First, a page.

From there you might want to walk downriver to the bridge, a graceful iron structure from which the town gets its name, and built by a grandson of Andrew Darby as a monument to the town's iron-producing history.
Cross it (it's a footbridge only now) for a look at the old toll house and a view of the town, appealing as it stretches along a steep hillside, church and hotel overlooking bridge and river.
Heading downriver by car, you pass the cavernous Bedlam Furnace on the left and in a mile or so reach the Coalport China Museum. A priceless collection of Coalport china is exhibited in the same beehive-like kilns and brick structures in use as late as 1926.
Across the river by another footbridge, or by road if you prefer, is the Jackfield Tile Museum, where you can see a truly kaleidoscopic display of tiles manufactured there from the beginning of its existence.
Backtracking a bit, a road to the right leads through the woods to Blists Hill Open Air Museum, covering 50 acres and where you see in place, exactly as they stood when in operation, rails and rolling stock, pit heads, yawning blast furnaces, a canal and dock and an engineering wonder of the day, the Hay inclined plane. This plane was used to haul huge tubs, via parallel tracks, up a steep hillside from the Severn to the canal above.
To reproduce a typical town of the 19th Century, houses and shops were collected from the vicinity and reassembled along a simulated main street, giving the visitor an impression of stepping back into a living community of the 1890s. Artisans and shopkeepers perform tasks just as they would have been doing when this site was a bustling community.
Stopping in the chemist's shop (drugstore to us), I was given a demonstration of pill-making, and was surprised to learn that well-to-do Victorians ordered their pills covered in gold leaf as a mark of their station in life.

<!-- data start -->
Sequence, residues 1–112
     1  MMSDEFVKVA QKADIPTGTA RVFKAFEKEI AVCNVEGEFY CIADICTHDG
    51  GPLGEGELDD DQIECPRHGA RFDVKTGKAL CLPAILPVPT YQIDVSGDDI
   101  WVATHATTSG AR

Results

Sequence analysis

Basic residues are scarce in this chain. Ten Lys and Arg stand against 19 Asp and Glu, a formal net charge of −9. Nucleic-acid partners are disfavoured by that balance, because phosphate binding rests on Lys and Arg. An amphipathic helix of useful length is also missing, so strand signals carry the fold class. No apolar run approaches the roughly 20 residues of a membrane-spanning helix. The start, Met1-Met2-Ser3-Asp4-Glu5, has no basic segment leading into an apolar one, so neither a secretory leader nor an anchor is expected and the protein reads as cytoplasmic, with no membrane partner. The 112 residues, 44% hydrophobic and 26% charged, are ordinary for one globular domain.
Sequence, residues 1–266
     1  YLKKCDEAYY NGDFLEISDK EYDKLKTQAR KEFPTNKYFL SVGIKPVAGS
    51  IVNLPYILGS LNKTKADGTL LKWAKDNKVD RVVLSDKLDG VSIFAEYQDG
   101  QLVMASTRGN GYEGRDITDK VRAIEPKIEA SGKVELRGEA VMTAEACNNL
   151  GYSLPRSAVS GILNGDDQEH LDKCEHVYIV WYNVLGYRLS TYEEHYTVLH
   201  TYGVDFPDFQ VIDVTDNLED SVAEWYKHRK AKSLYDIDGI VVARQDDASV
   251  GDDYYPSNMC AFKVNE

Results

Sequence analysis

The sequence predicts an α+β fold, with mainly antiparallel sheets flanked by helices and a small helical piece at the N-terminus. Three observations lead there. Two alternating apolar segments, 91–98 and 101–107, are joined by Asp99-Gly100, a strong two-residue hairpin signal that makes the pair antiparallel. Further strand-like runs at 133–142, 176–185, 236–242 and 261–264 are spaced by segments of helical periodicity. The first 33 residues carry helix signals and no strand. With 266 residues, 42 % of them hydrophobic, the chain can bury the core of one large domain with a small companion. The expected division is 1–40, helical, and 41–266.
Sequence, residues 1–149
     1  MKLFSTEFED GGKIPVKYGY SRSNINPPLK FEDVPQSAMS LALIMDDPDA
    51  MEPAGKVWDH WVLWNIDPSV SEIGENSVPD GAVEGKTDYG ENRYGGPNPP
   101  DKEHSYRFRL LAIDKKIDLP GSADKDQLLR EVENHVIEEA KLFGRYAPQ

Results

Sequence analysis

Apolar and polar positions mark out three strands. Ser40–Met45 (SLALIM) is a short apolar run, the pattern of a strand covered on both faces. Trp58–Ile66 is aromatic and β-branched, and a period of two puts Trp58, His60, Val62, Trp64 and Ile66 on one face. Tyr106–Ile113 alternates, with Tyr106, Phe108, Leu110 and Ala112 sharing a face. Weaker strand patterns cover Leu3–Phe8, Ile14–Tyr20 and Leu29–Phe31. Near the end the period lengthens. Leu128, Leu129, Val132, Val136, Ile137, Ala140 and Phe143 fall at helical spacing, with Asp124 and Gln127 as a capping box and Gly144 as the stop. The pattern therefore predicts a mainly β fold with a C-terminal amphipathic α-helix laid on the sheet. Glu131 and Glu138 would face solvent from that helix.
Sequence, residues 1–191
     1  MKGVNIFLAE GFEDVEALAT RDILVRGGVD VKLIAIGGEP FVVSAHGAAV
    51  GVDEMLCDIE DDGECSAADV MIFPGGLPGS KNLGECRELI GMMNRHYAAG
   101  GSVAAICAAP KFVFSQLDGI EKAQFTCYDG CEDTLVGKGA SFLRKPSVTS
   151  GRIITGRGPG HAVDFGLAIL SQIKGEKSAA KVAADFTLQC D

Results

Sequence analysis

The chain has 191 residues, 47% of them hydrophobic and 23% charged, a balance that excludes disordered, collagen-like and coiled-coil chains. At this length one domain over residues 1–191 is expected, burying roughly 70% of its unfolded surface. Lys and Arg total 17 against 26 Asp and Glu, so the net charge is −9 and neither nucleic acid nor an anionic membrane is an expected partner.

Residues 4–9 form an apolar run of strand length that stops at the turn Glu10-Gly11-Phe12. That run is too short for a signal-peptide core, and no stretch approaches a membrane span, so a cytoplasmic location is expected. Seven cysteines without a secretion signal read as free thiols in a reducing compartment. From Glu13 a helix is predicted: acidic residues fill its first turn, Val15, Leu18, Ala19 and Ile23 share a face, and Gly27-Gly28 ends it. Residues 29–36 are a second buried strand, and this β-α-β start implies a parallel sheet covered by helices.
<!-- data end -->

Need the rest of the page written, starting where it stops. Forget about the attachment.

I'll mention in connection with the Blists Hill site that a guidebook, available at the entrance, is indispensable for a good understanding of the exhibits and routes to be taken.
The last major site is the Museum of Iron and Darby Furnace. The exhibit, now enclosed in a glass house, is Darby's original furnace. Taking a close look from a platform, you may see how it was enlarged over the years. Cross an open space in front of the glass house to see exhibits tracing the history of production in the Museum of Iron.
No need to repark your car for a more human view of the times. Cross the yard, go under a railroad viaduct and climb the hill, just as Darby's grandson must have done, to see the restored three-story house, Rosehill, furnished in the style of an iron master of the time.
Industrial archeology has fired the imaginations of the British to such an extent that thousands have lent strong backs, given up weekends and vacations to act as guides and demonstrators, and organized fund-raising appeals.
At Iron Bridge, the local group, Friends of Ironbridge Gorge Museum, had their endeavors significantly rewarded when the museum received Britain's Museum of the Year award in 1977 and the first presentation of the European Museum of the Year award the following year.
Places to stay within a few miles of Iron Bridge, and in Shrewsbury, are plentiful. About five miles southwest is the handsome Gaskell Arms, in Much Wenlock, a medieval-appearing town with both a priory and an abbey and many half-timbered houses.
Ten miles southeast at Bridgnorth is the Swan Hotel, and at Shrewsbury, an ancient city lying in a bend of the Severn, are two fine pubs with overnight accommodations, the Swan Hotel and the Prince Rubert Hotel.
The Ironbridge Gorge Museum is 20 miles southeast of Shrewsbury, open every day of the year.